90724thumbThe terminology has certainly changed over the years. Not many of us remember what tree surgeons were, or that there were actually a few different kinds of tree surgeons, who performed very distinct tasks. Tree surgeons are now known as ‘arborists’. Much of what they used to do is done by other types of horticultural professionals. The work that arborists still perform is ‘arboriculture’.

Back when orchards were still common in the Santa Clara Valley, Orange County, and many of the areas of California that are now urban, those who pruned deciduous fruit trees while dormant in winter were known as tree surgeons. Of course, they did other work that the trees needed through the rest of the year, and harvested fruit as well. They might be known as orchardists nowadays.

Tree surgeons also assembled new orchards, as well as individual trees in home gardens. It used to be standard procedure to install the understock of fruit trees in the first winter, and let it grow through the following year. A tree surgeon would return while it was dormant the following winter, to graft desired scions onto it. This is now done by nurserymen in nurseries that sell finished trees.

The tree surgeons who we now know as arborists are, of course, still important. The tree surgery that we now know as arboriculture is the sort or work that other horticultural professionals are not qualified or able to perform. It involves the biggest of trees that are out of reach from the ground, or even from ladders. There are still a few different kinds of arborists, but most must climb trees.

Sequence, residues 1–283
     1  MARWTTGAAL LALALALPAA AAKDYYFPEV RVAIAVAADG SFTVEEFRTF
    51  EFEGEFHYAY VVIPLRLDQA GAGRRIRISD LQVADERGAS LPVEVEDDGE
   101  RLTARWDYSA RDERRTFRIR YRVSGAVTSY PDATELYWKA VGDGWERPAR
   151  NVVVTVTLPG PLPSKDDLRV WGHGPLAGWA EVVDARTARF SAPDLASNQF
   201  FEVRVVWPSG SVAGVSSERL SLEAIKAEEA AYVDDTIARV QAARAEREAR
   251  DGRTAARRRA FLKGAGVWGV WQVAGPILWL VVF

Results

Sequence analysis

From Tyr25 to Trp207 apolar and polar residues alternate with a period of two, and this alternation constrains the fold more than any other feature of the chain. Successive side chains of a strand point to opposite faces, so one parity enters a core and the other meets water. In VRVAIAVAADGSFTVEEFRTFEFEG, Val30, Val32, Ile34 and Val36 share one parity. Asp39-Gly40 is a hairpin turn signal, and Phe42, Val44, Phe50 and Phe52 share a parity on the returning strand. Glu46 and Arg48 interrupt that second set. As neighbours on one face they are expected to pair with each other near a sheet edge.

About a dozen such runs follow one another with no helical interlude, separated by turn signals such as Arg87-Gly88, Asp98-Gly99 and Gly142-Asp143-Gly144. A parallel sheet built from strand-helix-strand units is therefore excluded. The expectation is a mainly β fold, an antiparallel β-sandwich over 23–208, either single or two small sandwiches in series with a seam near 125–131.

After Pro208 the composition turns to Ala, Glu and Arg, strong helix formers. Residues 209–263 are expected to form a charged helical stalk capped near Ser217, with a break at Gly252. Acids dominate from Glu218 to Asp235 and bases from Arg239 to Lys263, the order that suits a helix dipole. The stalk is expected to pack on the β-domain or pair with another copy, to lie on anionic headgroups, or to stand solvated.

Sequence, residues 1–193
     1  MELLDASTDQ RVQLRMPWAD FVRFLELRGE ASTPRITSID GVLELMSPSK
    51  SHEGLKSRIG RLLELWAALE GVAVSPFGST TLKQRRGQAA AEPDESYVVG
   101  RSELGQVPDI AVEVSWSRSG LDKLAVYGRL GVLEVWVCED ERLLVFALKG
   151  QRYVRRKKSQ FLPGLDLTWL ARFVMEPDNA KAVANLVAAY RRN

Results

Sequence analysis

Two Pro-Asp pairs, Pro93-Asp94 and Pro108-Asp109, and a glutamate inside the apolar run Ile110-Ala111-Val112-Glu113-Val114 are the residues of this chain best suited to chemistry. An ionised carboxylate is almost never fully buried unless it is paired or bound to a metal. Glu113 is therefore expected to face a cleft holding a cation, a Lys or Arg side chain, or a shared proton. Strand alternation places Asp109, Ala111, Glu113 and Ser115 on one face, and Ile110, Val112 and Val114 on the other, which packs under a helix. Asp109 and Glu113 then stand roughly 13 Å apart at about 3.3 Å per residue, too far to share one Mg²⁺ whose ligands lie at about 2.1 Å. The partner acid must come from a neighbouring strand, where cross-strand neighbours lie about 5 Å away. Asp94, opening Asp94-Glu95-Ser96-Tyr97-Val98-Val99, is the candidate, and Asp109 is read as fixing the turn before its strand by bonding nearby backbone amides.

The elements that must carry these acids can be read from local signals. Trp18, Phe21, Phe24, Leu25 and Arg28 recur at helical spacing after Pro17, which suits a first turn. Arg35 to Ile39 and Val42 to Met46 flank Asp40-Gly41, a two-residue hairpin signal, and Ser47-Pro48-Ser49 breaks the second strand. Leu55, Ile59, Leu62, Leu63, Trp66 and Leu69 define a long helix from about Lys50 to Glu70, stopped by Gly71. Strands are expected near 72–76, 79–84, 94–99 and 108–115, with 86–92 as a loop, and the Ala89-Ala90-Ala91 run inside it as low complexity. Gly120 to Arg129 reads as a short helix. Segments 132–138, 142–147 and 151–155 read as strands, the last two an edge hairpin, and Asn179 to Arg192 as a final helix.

Arboriculture is the horticulture of trees. Arborists are therefore horticulturists of trees. Those who are certified with the International Society of Arboriculture, or ISA, have passed an examination of their arboricultural expertise, and maintain their credential by continued involvement with the educational seminars, classes and workshops of the ISA. Arborist can assess the health, stability and structural integrity of trees, and prescribe and supervise necessary corrective arboricultural procedures.

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4 thoughts on “Arborists Are Modern Tree Surgeons

  1. I’ve been looking at our front crabapple. It’s got a couple of horizontal branches that are way too long. I’m trying to figure out what to do about them. I don’t just want to lop off a half. I was thinking either remove them entirely or cut them just past a stem growing upward and diagonally, so that the branch can resume growing in a somewhat natural manner from a shorter starting point. Does that make sense?

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    1. Not much about flowering crabapples make sense. They are so sloppy, and so difficult to prune properly. I had been working with one at the Presbyterian Church in Felton for many years, and was finally getting it into good form, when someone else lopped it back and ruined it all. I may just cut it down now. Anyway, it took man years to get it under control, and it was not at all cooperative. Without seeing your tree, I would recommend your latter option of pruning the limb back only part way, and then working with what it does next year. Too much pruning at the same time compromises bloom.

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